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From DM Smith <dmsmith...@gmail.com>
Subject Re: Lucene's default settings & back compatibility
Date Sat, 30 May 2009 11:57:34 GMT
I think one conclusion that did come of this discussion was that bugs  
should be fixed even if it breaks backward compatibility.

-- DM

On May 30, 2009, at 7:21 AM, Michael McCandless wrote:

> Actually, I think this is a common, and in fact natural/expected
> occurrence in open-source.  When a tricky topic is discussed, and the
> opinions are often divergent, frequently the conversation never
> "converges" to a consensus and the discussion dies.  Only if
> discussion reaches a semblance of consensus do we vote on it.
>
> It's exactly like what happens when a controversial bill tries to go
> through the US congress.  It's heavily discussed and then dies off
> from lack of consensus, or, it gets far enough to be voted on.
>
> Ie, this is completely normal for open source.
>
> We may not like it, we may consider it inefficient, annoying,
> frustrating, whatever, but this is in fact a reality of all healthy
> open-source projects.
>
> Consensus building is not easy, and if the number of people trying to
> build consensus, by iterating on the proposal, compromising,
> suggesting alternatives when others dislike an approach, etc., is
> dwarfed by the number of people objecting to the proposal, then
> consensus never emerges.
>
> In this case specifically, I had a rather singular goal: the freedom
> to make changes to defaults inside Lucene to always favor new users,
> while not hurting back-compat users.  I intentionally proposed no
> changes to our back-compat policy (knowing reaching consensus would be
> that much more difficult).
>
> The proposal went through several iterations (*settings,
> *actsAsVersion, etc) that all failed to reach consensus, so we settled
> back on the current approach of "make the setting explicit" which is
> an OK workaround.  One by one I've been doing that for the original
> examples I listed (readOnly IndexReader, NIOFSDir default, etc.)
>
> But, then, the conversation shifted to a different topic ("how to
> relax our back-compat policy"), which also failed to reach consensus.
>
> Maybe, the best way forward is to break out each of the separate
> bullets and discuss them separately?
>
> Mike
>
> On Fri, May 29, 2009 at 11:22 PM, Shai Erera <serera@gmail.com> wrote:
>> So ... I've this happen a lot of times (especially in my thesis  
>> work) -
>> someone raises a controversial topic, or one that touches the  
>> nervous of the
>> system, there's a flurry of activity and then it dies unexpectedly,  
>> even
>> though it feels to everyone that there's "an extra mile" that  
>> should be
>> taken in order to bring it to completion.
>>
>> And that's what I've seen in this thread. A lot has been said -  
>> lots of
>> comments, ideas, opinions. Lots of ranting and complaining. Then it  
>> died ...
>> Thank you Grant for that last "beep", I hope that was an intention to
>> resurrect it.
>>
>> So I ask - how come that we don't have a decision? Is it because  
>> we're
>> "afraid" to make a decision? (that last sentence is supposed to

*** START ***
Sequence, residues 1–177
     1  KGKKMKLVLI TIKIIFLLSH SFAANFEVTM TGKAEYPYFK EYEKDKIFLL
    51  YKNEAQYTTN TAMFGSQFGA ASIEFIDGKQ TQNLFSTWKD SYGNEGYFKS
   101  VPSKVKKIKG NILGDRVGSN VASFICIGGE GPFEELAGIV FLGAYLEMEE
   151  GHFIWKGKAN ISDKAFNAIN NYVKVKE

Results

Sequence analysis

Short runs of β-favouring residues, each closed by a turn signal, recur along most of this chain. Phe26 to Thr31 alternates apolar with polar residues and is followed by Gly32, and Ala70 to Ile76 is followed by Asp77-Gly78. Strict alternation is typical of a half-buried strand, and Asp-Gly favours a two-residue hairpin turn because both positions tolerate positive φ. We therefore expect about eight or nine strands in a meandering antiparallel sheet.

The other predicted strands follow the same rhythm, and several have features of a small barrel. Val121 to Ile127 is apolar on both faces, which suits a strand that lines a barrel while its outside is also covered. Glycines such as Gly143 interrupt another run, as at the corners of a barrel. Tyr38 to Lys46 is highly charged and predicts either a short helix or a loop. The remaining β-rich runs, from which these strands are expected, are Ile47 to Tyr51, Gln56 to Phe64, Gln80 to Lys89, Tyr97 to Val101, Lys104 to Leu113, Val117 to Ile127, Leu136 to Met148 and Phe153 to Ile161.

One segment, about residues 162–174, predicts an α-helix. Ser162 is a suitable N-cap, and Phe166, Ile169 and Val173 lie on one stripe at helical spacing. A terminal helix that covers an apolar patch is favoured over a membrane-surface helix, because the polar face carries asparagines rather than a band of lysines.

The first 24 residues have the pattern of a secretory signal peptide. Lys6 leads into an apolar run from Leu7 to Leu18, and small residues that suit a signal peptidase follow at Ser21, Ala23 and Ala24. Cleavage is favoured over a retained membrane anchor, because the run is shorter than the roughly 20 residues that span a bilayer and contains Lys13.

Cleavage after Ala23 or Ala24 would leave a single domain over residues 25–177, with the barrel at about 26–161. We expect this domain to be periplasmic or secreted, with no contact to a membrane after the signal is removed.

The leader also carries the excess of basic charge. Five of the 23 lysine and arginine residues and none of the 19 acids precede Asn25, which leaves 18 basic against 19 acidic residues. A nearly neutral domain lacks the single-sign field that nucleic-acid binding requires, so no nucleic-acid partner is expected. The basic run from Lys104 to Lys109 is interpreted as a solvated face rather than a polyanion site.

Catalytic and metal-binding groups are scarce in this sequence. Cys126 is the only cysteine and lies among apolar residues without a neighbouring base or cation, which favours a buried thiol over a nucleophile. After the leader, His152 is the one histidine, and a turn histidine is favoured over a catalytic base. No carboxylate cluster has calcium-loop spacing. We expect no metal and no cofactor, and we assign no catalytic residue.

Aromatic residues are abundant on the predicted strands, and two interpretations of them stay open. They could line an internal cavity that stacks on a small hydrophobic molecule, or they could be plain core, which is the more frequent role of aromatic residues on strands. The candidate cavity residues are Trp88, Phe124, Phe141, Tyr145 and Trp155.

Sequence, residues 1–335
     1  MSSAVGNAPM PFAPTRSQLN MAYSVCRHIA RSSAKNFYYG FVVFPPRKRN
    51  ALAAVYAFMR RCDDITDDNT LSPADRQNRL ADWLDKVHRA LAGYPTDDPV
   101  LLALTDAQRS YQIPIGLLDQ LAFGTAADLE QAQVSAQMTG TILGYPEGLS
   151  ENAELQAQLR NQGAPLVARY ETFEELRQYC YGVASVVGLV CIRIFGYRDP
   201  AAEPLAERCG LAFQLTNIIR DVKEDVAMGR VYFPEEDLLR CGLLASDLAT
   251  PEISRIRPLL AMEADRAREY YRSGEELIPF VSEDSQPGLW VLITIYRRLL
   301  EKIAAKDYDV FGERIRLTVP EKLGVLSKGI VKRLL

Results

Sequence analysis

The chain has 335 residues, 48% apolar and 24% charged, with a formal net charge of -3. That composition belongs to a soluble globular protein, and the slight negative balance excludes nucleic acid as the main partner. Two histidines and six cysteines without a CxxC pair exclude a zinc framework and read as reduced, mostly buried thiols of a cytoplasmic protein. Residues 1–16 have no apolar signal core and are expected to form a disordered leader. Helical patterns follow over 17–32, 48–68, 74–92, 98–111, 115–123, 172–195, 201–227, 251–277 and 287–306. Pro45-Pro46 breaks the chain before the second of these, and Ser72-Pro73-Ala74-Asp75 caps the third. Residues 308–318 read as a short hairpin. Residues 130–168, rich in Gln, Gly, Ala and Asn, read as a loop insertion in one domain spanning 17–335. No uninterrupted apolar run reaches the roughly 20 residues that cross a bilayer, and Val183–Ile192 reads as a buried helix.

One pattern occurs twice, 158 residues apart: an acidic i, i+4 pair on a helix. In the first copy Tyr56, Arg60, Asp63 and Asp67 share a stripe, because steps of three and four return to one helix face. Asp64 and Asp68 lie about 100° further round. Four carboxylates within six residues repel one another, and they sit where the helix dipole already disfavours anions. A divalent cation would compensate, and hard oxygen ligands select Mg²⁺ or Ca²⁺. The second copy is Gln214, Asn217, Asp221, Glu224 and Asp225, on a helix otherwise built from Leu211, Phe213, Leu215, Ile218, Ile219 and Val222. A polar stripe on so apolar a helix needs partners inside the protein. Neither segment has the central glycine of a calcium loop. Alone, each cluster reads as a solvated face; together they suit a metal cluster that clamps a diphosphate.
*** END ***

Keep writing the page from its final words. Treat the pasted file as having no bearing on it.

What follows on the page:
>> "tease" the
>> community, not to pass judgement)
>>
>> I'm asking because it seems like everybody pretty much agrees on  
>> most of the
>> suggestions, so why not decide "let's do X, Y and Z" and change the
>> back-compat page starting from 2.9? If people don't remember the  
>> decisions,
>> I don't mind reiterating them.
>>
>> (I also ask because I'd like to take the improvements from  
>> LUCENE-1614 to
>> TermDocs/Positions, PhrasePositions, Spans. All except  
>> PhrasePositions are
>> public interfaces and so it matters if I need to go through creating
>> abstract classes, with new names, or I can change those interfaces,  
>> asking
>> those that implemented their own TermDocs to modify the code).
>>
>> Shai
>>
>> On Wed, May 27, 2009 at 10:36 PM, Grant Ingersoll <gsingers@apache.org 
>> >
>> wrote:
>>>
>>> So, here's a real, concrete example of the need for case by case  
>>> back
>>> compat.  See https://issues.apache.org/jira/browse/LUCENE-1662
>>>
>>> It's completely stupid that ExtendedFieldCache even exists.   It  
>>> is a dumb
>>> workaround for a made up problem that has nothing to do with real  
>>> coders
>>> living in the modern age of development where IDE's make  
>>> refactoring these
>>> types of things very cheap.  Namely, the notion that interfaces  
>>> must never
>>> change lest every 6-9 months some minute number of users (I'd  
>>> venture it's
>>> less than 1% of users) out there, who by any account are  
>>> completely capable
>>> of implementing hard core Lucene internals (like extending  
>>> FieldCache), yet
>>> are seemingly incapable of reading a CHANGES file with a huge  
>>> disclaimer in
>>> it, have to recompile (GASP!) their code and put in a dummy  
>>> implementation
>>> of some new interface method.  Yet, here we are with Yonik fixing  
>>> very real
>>> problems that are a direct result of coding around back compat.  
>>> (along with
>>> a mistake; it took a long time for this issue to even be  
>>> discovered) that
>>> very much effect the usability of Lucene and the day to day  
>>> experience of a
>>> good number of users.
>>>
>>> In other words, the real fix for L-1662 is for ExtFieldCache to be  
>>> folded
>>> into FieldCache and for the file to be removed, never to be heard  
>>> from
>>> again.
>>>
>>> The same can be said for the whole Fieldable issue, but that's a  
>>> different
>>> day.
>>>
>>> Ranting,
>>> Grant
>>>
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>>
>>
>
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